“The technology can scan the movement of people, animals and other things at a distance of 50 meters depending on the character of walls and obstacles. The principle is based on the Doppler effect, registering the distortion of a radio wave during the movement of objects,” the company’s CEO said.
The working prototype, demonstrated in Sevastopol, comprises a scanning device and two computers which receive the signal, decode and visualize it on the screen.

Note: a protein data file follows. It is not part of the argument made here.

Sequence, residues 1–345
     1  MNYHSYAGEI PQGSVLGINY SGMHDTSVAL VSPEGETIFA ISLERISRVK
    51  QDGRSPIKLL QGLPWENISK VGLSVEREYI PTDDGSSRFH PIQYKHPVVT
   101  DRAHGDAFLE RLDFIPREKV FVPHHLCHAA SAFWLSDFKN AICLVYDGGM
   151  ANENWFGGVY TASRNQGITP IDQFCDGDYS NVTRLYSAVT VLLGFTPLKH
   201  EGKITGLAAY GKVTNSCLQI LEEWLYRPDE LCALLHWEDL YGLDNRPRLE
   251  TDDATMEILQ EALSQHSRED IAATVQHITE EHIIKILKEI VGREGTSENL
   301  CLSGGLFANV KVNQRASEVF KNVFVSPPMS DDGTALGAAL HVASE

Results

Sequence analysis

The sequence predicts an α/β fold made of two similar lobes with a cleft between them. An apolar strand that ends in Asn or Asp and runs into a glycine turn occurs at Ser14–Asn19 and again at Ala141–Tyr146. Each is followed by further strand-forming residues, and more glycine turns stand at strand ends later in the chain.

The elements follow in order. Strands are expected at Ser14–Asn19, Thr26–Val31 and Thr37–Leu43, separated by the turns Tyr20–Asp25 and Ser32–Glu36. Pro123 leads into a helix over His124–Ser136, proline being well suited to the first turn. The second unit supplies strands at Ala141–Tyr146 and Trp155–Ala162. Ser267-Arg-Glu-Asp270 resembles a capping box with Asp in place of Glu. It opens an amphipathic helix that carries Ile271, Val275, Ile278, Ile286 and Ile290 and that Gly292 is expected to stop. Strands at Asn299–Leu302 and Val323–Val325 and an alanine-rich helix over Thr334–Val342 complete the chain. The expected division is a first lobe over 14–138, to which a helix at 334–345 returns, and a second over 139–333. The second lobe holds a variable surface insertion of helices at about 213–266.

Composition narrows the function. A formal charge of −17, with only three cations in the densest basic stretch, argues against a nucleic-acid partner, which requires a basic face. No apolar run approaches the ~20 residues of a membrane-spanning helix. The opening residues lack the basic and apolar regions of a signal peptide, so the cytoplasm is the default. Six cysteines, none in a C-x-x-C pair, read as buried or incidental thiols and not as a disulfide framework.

“Our task now is to transfer this technology to mobile devices. In the future it can look like a tablet computer or a soldier’s helmet. It can be installed on UAVs and send data to [people on] the ground. This technology will be able to replace emergency sensors and security mechanisms,” CEO Vladimir Starostin elaborated.
In August 2015 the same technology was realized by UK researchers who managed to track moving objects behind a 25-centimeter-thick wall. The US military displayed a keen interest in the technology, as it can be applied to check unknown rooms and help better control hostage situations.